Due to this movement, the situation became out of his control and it was difficult for him to rule over the region. Consequently, the 60th king of Pawar Vansh, Manvendra Shah, accepted the sovereignty of the Indian government. Thus, in August 1949, Tehri Riyasat was merged into Uttar Pradesh and was given the status of a new district, the Rudraprayag district. Subsequently, on 24 February 1960, the state government separated its one tehsil which was given the status of a separate district named Uttarkashi. Former royal palace of the Maharaja of Tehri Garhwal at Narendra Nagar, now houses the Ananda–In the Himalayas spa, established 2000.
In 2006 the Ministry of Panchayati Raj named Tehri Garhwal one of the country's 250 most backward districts (out of a total of 640). It is one of the three districts in Uttarakhand currently receiving funds from the Backward Regions Grant Fund Programme (BRGF).
Dry season crops include wheat, barley, masoor, Bengal and red gram, rape seed and mustard, and pea. Wet season crops include rice, barnyard millet, finger millet, black gram, sesame and soybean. Various fruits and spices grow in the district also.
- Ghanshali (SC)
The district of Tehri Garhwal is divided into two subdivisions: Kirti Nagar and Tehri-Pratap Nagar. It has seven tehsils, one sub-tehsil, nine blocks, two municipalities and four town area committees. The district covers 76 nyaya panchayats and 928 gram panchayats. It has 1,847 revenue villages and 2,508 clusters.
|Subdivisions||Kirti Nagar and Tehri-Pratap Nagar and Dhanolti|
|Tehsils||Deoprayag, Ghansali, Narendra Nagar, Pratap Nagar, Tehri, Jakhanidhar and Dhanolti and Kandisaur and Nainbaag|
|Blocks||Bhilangana, Chamba, Deoprayag, Jakhanidhar, Jaunpur, Kirtinagar, Naredranagar, Pratapnagar and Thauldhar|
|Municipalities||Tehri and Narendra Nagar|
|Town area committees||Chamba, Deoprayag, Kirtinagar and Muni Ki Reti|
Near New Tehri Town and Ghanshali
- Nail Chami
- Saman Gaon
- anshul patagli
- Sonyaat goan
- Ghar gaon
- Dharsal Gaon
- Bhona Bagi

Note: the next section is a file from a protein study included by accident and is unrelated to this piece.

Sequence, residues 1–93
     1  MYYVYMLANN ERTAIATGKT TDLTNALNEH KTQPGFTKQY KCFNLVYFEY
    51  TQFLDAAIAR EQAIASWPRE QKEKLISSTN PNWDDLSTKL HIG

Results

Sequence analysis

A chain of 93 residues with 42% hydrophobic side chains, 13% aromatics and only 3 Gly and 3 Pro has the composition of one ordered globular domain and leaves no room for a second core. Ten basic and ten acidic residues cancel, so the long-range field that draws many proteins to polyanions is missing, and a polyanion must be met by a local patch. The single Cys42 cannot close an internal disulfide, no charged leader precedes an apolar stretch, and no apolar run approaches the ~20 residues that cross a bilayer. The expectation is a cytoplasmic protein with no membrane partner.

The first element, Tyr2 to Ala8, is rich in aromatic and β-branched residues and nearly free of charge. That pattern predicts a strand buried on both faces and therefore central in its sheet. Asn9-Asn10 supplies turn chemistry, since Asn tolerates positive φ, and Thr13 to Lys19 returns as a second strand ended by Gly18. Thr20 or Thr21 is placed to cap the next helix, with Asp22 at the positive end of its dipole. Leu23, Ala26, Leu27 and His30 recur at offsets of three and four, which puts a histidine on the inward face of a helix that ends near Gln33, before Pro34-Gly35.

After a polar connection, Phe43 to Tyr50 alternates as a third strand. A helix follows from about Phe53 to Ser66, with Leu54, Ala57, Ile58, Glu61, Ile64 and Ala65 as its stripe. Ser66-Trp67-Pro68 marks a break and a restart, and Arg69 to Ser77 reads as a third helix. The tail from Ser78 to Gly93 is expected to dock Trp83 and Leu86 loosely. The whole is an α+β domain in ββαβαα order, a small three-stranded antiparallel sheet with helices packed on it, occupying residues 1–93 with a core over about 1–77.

- Jhulak (Ramgaon)
- Goldenvillage (sunar gaun)
- Chopra ( Near Kamand )
- Ramol Sari
- Khwala Bahedi
- badwali kumarghaw
- Jakhani po lambguwan Dhanendra semwal (danni)
- Titrana Chond
- Bhadoli Near Bagwan
- Malla Gawana
According to the 2011 census Tehri Garhwal district has a population of 616,409, roughly equal to the nation of Solomon Islands or the US state of Vermont. This gives it a ranking of 520th in India (out of a total of 688). The district has a population density of 169 inhabitants per square kilometre (440/sq mi). Its population growth rate over the decade 2001–2011 was 1.93%. Tehri Garhwal has a sex ratio of 1078 females for every 1000 males, and a literacy rate of 75.1%.
Hindus number 596,769; Muslims 6,390 (1.05%); and Sikhs 561
In the 1960s, Tehri Garhwal extended much farther east than it currently does. In 1997, much of the eastern portion of Tehri Garhwal was detached and merged with portions of the Pauri Garhwal district and the Chamoli district to form the Rudraprayag district.
- Tehri Garhwal The Imperial Gazetteer of India, 1909, v. 23, p. 269.
- This article incorporates text from a publication now in the public domain: Chisholm, Hugh, ed. (1911). "Garhwal". Encyclopædia Britannica. 11 (11th ed.). Cambridge University Press. p. 466.
- History Archived 9 August 2008 at the Wayback Machine. Rudraprayag Official district.
- Himalayan Spa for Sybarites By CELIA W. DUGGER. New York Times. July 30, 2000.
- Ministry of Panchayati Raj (8 September 2009). "A Note on the Backward Regions Grant Fund Programme" (PDF). National Institute of Rural Development. Archived from the original (PDF) on 5 April 2012. Retrieved 27 September 2011.
- "Agriculture Contingency Plan for District : Tehri Garhwal" (PDF). agricoop.nic.in/. Archived from the original (PDF) on 21 March 2015. Retrieved 4 February 2016.
- "District Census 2011". Census2011.co.in. 2011. Retrieved 30 September 2011.
- US Directorate of Intelligence. "Country Comparison:Population". Retrieved 1 October 2011.
Solomon Islands 571,890 July 2011 est.
- "2010 Resident Population Data". U.S. Census Bureau. Archived from the original on 1 January 2011. Retrieved 30 September 2011.
- "Uttarakhand – Districts of India: Know India". National Portal of India. Retrieved 4 April 2009.
- Times World Atlas, 1967 Edition, Plate 30.